Every boy dreams of adventures, but few have the courage or opportunity to make them a reality.
When the Great Depression began to bite, finances forced the Maurice family to leave Britain. Edward was faced with a stark choice: to follow his mother and elder siblings to farm in New Zealand, or pursue an uncertain future as an apprentice fur trader among the Eskimos. Preferring to make his own destiny, he signed up for five years at the princely sum of fifty pence a week, packing up the two spoons that remained of his inheritance to become one of the last ever 'gentleman adventurers'.
Life in Baffin Land was harsh: there was no telephone, no radio communication, only one annual visit from the supply ship to keep in contact with the outside world. But it was also one of tremendous excitement. Under the expert tutelage of his drunken boss, Geordie, Edward learnt to build igloos, hunt polar bears and survive the myriad difficulties of Northern existence. Despite Geordie's warnings against becoming too involved with 'the natives' (and Geordie had taken one for a wife) the young boy became fascinated with the mythic Eskimo culture, learning the language and forming close friendships. After three years, he was sent to his own outpost, where, alone, he had to save the community from illness and starvation, as well as teach them English and contend with the amorous attentions of the local ladies.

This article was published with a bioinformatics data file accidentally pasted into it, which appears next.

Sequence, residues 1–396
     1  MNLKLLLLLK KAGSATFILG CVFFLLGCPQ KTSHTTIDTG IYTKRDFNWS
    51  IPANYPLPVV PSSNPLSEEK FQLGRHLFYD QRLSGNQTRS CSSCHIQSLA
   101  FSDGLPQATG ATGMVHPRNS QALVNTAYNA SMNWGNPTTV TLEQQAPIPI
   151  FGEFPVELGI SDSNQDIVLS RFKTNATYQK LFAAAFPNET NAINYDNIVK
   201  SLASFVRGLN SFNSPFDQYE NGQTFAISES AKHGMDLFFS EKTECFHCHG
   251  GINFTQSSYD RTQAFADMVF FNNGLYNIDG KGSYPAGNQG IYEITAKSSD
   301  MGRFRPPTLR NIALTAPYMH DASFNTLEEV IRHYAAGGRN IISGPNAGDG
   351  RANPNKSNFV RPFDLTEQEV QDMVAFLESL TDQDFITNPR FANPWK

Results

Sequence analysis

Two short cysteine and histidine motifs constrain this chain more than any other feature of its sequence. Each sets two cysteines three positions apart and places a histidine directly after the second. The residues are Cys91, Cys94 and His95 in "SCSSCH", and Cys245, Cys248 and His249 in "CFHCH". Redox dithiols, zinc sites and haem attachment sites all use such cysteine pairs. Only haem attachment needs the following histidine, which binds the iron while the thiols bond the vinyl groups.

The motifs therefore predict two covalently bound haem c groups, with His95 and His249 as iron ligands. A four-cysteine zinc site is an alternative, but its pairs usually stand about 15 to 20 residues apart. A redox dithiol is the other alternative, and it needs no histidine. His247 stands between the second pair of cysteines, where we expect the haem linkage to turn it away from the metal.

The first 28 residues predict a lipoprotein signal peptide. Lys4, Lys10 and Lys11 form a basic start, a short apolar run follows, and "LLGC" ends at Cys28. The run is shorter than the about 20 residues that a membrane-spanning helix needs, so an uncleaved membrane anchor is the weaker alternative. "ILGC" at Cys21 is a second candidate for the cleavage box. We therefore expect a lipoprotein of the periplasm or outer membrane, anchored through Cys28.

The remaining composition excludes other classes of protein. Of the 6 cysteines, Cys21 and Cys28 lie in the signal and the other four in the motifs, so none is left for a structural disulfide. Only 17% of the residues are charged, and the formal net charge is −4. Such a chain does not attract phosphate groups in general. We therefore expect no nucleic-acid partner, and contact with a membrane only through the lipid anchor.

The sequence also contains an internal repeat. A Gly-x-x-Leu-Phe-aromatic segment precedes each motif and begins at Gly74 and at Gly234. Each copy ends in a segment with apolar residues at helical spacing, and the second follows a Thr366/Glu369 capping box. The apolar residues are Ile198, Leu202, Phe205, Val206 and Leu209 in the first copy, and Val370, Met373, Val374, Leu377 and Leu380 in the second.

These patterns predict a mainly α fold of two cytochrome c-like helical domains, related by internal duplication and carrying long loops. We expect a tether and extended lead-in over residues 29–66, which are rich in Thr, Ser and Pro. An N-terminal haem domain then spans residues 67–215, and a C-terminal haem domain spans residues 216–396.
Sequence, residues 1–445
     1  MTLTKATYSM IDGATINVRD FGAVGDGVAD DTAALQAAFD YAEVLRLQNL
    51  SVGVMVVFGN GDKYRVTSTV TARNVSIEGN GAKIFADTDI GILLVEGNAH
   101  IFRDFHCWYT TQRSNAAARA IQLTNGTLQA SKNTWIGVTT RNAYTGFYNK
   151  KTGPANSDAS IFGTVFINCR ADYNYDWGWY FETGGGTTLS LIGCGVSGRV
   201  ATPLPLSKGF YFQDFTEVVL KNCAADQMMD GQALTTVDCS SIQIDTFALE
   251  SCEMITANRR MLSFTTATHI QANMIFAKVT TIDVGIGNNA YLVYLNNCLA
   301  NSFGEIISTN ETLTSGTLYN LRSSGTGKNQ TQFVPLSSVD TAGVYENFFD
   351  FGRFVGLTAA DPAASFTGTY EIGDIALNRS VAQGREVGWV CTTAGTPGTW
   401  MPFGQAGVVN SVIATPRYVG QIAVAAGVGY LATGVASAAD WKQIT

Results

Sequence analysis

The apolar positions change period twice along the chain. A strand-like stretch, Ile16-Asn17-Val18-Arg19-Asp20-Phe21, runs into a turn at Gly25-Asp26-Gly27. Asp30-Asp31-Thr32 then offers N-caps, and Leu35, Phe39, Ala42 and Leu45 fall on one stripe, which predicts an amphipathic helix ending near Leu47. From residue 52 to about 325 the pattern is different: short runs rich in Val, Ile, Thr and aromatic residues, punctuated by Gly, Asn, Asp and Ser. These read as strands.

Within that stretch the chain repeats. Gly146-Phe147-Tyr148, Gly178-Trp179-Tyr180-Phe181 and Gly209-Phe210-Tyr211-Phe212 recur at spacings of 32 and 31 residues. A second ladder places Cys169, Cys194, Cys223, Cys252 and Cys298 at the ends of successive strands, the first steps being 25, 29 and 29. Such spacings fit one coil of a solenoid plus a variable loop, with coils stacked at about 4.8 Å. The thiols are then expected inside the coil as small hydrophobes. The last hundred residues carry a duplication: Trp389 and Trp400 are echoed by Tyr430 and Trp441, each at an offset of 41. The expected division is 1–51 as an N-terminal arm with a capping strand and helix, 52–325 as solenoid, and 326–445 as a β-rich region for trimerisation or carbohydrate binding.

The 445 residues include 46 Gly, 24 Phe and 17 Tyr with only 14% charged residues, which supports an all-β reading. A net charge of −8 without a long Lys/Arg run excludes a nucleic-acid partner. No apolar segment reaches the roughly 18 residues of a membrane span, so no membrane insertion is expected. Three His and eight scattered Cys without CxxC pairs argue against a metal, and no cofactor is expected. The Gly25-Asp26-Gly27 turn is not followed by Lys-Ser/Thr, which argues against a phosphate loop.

In charming, timeless prose, 'The Last Of The Gentlemen Adventurers' transports the reader to worlds that are now forever inaccessible. It is at once a vivid portrait of a unique society and the moving, often hilarious story of an unforgettable young man determined to triumph over every circumstance.